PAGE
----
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Practice report: RG3 sharp

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Practice report: RG3 sharp

RICHMOND—Here’s my look at today’s Redskins practice, first with a look at Robert Griffin III’s day and then a walk around a few other notable events.

(Note: just to mix it up we're shifting back to the old school, non-Twitter report for the last practice report of the year.

—Griffin looks none the worse for wear the day after his rigorous 16-rep day on Wednesday. Well, OK, it really wasn’t all that tough.

—In position drills, passing to receivers covered by nobody, Griffin looks sharp. Earlier in camp he seemed like he was using his arm more and his (right) plant leg less. Now he is driving off of the injured leg more and using his arm less. That’s helping his velocity and accuracy. And, most important, it’s a sign that the knee is rounding into shape.

—Griffin’s first set of four reps in 11 on 11 includes two handoffs to Alfred Morris and two passes. One pass is a dumpoff to Roy Helu and the other is a nice dart to Josh Morgan, who was about 25 yards downfield on the numbers. He executed the handoffs perfectly, for the record.

—In between reps, Griffin stands by Kyle Shanahan but seems to be focused more on what he needs to do the next time he’s behind center rather than paying close attention to what’s going on when he is out. In other words, he’s not doing as many as many “mental reps”, he’s more thinking about his own reps.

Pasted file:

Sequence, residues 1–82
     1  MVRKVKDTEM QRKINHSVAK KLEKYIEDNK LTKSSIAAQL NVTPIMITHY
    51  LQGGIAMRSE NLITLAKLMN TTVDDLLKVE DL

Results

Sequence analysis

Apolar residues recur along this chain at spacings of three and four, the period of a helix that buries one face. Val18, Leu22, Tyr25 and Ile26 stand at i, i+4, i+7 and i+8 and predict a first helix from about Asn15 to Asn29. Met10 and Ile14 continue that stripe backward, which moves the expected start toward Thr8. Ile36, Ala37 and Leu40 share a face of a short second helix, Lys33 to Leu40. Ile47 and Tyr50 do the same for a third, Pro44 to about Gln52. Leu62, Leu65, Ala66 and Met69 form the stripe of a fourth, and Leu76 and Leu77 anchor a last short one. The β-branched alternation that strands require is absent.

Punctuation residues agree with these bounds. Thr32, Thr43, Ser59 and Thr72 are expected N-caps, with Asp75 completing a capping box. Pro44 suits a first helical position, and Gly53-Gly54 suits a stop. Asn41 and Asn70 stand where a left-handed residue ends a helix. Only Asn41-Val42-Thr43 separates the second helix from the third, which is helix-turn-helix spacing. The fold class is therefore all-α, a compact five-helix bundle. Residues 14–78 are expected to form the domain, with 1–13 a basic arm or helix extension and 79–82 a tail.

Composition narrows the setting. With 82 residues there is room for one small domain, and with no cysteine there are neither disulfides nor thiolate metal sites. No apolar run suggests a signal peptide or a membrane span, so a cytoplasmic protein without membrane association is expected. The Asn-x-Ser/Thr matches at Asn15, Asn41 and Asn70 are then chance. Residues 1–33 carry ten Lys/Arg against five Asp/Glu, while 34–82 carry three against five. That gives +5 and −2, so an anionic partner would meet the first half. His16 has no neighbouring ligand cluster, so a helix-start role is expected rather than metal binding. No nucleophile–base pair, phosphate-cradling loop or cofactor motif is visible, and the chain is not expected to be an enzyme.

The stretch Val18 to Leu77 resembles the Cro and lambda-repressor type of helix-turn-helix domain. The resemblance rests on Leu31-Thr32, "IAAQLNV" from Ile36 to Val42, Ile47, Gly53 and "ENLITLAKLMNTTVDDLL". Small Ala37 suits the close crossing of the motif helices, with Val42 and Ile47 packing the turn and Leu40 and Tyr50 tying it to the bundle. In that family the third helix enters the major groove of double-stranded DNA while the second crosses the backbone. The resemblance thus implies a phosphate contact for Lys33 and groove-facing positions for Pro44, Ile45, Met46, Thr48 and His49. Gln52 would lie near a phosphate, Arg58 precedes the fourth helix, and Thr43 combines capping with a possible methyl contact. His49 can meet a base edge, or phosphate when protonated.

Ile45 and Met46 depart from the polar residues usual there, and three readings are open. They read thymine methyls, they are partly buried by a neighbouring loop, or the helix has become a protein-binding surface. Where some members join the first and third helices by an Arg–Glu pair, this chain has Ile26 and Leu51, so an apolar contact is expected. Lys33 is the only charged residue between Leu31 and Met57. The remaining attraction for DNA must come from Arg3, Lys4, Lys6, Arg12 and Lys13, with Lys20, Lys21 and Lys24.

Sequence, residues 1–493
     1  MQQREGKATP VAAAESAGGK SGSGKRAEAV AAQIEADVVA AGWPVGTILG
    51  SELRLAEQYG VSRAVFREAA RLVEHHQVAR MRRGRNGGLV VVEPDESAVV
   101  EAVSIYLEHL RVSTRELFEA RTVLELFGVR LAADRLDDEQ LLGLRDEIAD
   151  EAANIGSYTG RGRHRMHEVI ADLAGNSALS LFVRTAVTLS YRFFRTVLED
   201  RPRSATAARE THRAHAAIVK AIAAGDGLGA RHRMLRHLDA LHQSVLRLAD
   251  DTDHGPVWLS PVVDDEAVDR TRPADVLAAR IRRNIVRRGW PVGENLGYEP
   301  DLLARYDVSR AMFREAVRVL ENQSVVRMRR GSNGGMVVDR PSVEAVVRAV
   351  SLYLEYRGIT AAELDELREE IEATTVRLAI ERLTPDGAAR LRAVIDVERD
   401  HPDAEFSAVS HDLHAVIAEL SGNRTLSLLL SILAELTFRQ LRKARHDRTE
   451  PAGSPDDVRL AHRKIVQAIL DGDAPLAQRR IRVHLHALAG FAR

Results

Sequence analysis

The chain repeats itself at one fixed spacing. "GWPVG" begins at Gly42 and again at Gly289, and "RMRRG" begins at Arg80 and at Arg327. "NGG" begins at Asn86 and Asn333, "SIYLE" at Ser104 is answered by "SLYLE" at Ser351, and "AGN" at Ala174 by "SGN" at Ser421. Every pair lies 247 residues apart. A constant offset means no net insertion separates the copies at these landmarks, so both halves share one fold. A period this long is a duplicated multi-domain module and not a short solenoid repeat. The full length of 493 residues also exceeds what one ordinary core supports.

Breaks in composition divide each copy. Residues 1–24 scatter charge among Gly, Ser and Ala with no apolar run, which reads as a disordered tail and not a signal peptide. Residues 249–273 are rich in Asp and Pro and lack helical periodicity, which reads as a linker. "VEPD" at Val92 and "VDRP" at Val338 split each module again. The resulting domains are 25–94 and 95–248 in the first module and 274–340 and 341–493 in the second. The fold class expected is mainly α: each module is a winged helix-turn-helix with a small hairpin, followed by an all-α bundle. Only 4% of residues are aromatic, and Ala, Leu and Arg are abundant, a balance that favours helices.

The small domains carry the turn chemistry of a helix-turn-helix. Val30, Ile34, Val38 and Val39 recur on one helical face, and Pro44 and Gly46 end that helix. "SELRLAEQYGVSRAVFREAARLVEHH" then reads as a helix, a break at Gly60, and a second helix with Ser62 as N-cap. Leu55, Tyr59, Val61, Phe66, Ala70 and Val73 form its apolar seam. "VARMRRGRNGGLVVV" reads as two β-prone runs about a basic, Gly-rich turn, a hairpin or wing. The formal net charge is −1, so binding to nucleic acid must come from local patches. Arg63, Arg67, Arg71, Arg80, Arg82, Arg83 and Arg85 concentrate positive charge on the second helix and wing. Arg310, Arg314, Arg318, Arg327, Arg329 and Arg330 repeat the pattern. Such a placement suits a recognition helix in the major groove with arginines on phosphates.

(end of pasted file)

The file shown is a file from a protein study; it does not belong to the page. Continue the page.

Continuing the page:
—The highlight of RG3’s second set is a play-action bootleg pass to Fred Davis. Griffin hit him on the move about 15 yards downfield.

—The next time he was out there it was just for one play but it was a good one. He hit Josh Morgan on a deep post, the pass right on the money. At this point Griffin is four of four.

—Griffin doubled his number of completions the next time out. He was four for four, all of them in the five- to 10-yard range.

—In a goal line set, Griffin gets two snaps. On the first one he hands off to Alfred Morris. The next one was the play-action bootleg and he found Davis in the back of the end zone for his first “touchdown” of 11 on 11 drills.

—After hitting Aldrick Robinson for 19 yards after a play fake, Griffin had taken 17 snaps and was 10 for 10.

—It was in the next set that Griffin threw his first incompletion. He went for Pierre Garçon on an out pattern but the pass was way wide.

—A little bit later on, Griffin hit Garçon on that sideline patter and that was his last play of the day. In 21 snaps he was 14 of 15 for (per John Keim of ESPN and Zac Boyer of the Free Lance Star) 179 yards with the one touchdown.

In some other notable happenings:

—It’s apparent that the defense has been instructed to go extra hard after the ball when a rookie gets a carry. After one Jawan Jamison carry the defense swarmed around him, tugging and punching at the ball. They kept it up every time Jamison got the ball and when Chris Thompson got it although it didn’t seem that Thompson was treated quite as roughly as Jamison.

—The highlight catch of the day came when Kirk Cousins went to Leonard Hankerson on a deep post. Both the receiver and the defensive back (who couldn’t be identified because the defenders were wearing bibs as the emulated the Steelers defense) got their hands on the ball. Hankerson snatched it away and rolled downfield.